EB: We are seeing a generational turning point. Millions of people are retiring at an unprecedented rate and wonderful treasures that have not been seen in 30, 40, or 50 years are now coming to market. I don’t believe the naysayers who claim the antiques business is anything but vibrant. Every decorator magazine on the shelf now incorporates antiques and collectibles in major articles and a younger generation sees antiques as a “green” solution to mass-marketed, lesser-quality items. People want to own precious objects that represent their personality – nothing does that better than antiques.
In Awe and Inspired
PK: From a personal point of view, what has been the biggest “gee whiz” item you’ve dealt with?
EB: Next month Heritage Auctions is offering the earliest known example of the Ten Commandments. The piece is outstanding in quality and has been studied by Biblical scholars for centuries. It’s difficult to explain the wonder and awe you feel in the presence of objects like that. I’ve had the opportunity to see the moon dust trapped in the hinge of (astronaut) Buzz Aldrin’s safety scissors, work with Green Bay Packer greats, and hold locks of hair from everyone from Thomas Jefferson to John Wilkes Booth. The rare opportunity to play a small role in preserving these important artifacts and works of art for the next generation is extremely fulfilling.
PK: Fantasy time. If you had unlimited resources what item that has come up for auction would you buy?
EB: Something close to Abraham Lincoln: perhaps a hand-written speech, a signed photograph, or an article of clothing. The man fascinates me to no end and his presidency changed the course of our nation. Strangely, I’d also like to single-handedly drive the vintage movie poster market to new heights. I love prewar posters and have added a number of them to my collection.
Impressions of an Evolving Hobby
PK: You’ve been involved in the field as a magazine editor, show producer, author, collector, seller, and now as Public Relations Director at Heritage. Along the way, what evolution in the hobby has most impressed you?
EB: I’m impressed when dealers and auctioneers take on an apprentice or a younger worker to pass on their information. If you visit auctions or shows, many times you’ll see young faces behind the scenes or behind the pipe and drape. Antiques are a passion and by extension often a family affair. At Heritage, we have a strong mission to hire young, enthusiastic, smart people and teach them about specialties in all categories. Most often these staffers remain with the company for decades.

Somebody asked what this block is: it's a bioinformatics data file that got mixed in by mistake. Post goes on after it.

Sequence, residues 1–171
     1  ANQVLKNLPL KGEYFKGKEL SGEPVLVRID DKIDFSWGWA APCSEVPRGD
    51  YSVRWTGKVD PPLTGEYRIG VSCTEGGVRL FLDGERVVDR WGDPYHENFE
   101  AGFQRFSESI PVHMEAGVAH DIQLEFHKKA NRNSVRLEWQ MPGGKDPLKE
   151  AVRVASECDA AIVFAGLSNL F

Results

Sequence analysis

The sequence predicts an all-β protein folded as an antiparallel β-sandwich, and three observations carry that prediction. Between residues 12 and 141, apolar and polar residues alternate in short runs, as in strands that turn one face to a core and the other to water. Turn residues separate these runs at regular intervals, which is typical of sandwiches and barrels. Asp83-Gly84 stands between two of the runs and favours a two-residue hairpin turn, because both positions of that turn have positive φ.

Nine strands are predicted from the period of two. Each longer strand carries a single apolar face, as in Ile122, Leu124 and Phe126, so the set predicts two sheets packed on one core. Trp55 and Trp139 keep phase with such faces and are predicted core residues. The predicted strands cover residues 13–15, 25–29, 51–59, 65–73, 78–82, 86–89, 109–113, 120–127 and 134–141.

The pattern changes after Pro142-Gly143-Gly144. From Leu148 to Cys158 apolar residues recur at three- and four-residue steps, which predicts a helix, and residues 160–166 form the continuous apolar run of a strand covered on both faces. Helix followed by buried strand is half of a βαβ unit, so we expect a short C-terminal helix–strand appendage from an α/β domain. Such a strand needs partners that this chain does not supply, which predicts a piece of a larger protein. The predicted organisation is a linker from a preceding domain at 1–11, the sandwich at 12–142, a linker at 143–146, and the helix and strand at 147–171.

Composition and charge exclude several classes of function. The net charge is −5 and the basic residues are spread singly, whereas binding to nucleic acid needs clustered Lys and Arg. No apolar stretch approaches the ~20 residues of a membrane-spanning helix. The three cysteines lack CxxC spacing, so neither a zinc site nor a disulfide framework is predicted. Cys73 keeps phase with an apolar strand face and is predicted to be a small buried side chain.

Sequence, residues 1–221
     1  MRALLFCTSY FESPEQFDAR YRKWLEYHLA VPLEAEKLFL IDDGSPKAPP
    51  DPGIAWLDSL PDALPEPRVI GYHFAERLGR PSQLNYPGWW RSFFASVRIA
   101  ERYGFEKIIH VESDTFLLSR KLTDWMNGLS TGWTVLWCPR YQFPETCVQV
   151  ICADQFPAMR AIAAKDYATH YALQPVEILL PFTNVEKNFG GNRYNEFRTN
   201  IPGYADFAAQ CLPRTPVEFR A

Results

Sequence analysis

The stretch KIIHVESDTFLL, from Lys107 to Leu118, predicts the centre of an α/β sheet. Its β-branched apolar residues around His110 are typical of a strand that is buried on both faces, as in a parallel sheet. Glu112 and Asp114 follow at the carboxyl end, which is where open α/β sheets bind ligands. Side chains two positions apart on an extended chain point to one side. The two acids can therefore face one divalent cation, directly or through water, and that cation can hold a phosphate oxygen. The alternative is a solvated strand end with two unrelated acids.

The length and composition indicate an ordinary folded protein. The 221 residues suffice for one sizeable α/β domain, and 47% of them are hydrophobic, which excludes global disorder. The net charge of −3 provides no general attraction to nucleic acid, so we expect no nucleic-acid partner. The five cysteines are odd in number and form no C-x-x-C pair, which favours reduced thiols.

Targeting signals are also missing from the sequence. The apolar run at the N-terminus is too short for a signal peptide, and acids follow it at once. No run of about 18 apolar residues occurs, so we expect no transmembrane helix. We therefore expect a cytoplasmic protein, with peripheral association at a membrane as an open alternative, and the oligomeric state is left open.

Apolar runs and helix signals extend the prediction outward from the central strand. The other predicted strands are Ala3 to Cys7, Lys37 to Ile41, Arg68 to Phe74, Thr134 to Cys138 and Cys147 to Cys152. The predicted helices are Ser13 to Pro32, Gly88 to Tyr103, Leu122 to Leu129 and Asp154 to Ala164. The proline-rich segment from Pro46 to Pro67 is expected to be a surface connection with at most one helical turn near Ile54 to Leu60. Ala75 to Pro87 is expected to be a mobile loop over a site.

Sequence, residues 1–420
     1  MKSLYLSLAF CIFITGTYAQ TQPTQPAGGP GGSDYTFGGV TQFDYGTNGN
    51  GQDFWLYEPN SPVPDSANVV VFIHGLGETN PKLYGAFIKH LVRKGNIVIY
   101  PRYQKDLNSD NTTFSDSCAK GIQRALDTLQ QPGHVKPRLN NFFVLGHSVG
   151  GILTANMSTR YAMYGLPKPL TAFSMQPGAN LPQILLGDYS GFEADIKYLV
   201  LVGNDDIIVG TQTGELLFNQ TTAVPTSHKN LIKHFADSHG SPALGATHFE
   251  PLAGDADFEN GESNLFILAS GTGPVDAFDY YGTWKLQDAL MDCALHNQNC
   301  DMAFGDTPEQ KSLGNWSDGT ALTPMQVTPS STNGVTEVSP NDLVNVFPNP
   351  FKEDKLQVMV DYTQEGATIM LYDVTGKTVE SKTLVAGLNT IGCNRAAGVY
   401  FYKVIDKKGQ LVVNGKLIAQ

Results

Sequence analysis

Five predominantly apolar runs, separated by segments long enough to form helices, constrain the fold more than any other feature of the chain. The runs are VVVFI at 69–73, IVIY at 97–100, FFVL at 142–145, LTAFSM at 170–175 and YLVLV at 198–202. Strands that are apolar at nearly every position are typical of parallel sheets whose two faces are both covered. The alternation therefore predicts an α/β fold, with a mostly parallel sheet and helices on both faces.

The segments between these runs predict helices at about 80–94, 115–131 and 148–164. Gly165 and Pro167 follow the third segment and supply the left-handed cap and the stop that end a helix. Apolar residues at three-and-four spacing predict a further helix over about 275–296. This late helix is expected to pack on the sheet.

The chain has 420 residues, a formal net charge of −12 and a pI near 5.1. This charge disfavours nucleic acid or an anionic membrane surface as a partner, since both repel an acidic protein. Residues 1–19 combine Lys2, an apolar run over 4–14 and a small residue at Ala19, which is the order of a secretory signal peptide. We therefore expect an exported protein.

Another evolution that has impressed me is the rise of reality TV and how it has helped the antiques business. People young and old are rethinking antiques as something owned only by the rich to unique and affordable objects that can become an irresistible pursuit.
Early Influence on Present Professionalism
PK: It’s always satisfying to see good people succeed. It’s no secret I count you among those good people. What’s your key to success in a hyper-competitive field?
EB: I truly believe hard work beats talent. You can have all the talent in the world but if you don’t partner it with hard work then you’ll go nowhere. I’ve worked hard to make my passions my career. It’s not easy; but at every point in my career I understood that only a few people in the entire country get to do what I do. I see that as a privilege and an obligation, not a job.
PK: You’re a Yooper, a native of Ishpeming, an old mining town in the Upper Peninsula of Michigan. That’s about as far away from Dallas as you can get. Ever pause to think how a small-town kid from the U.P. ended up with the best seat in the collectibles house?
EB: A very famous speaker visited my college (Northern Michigan University) and told our first-year English class that we should not expect to ever succeed at the national or global level. He made me angry. I was angry because in a single sentence he set everyone’s bar so low that they could meet it with moderate effort. That’s not what my Upper Midwest work ethic said was possible. That work ethic taught me to complete every task to as close to perfect as possible.
PK: One last Yooper question. Best treat: Pasty or Trenary Cinnamon Toast?
EB: Trenary Toast. I can make a pretty mean pasty.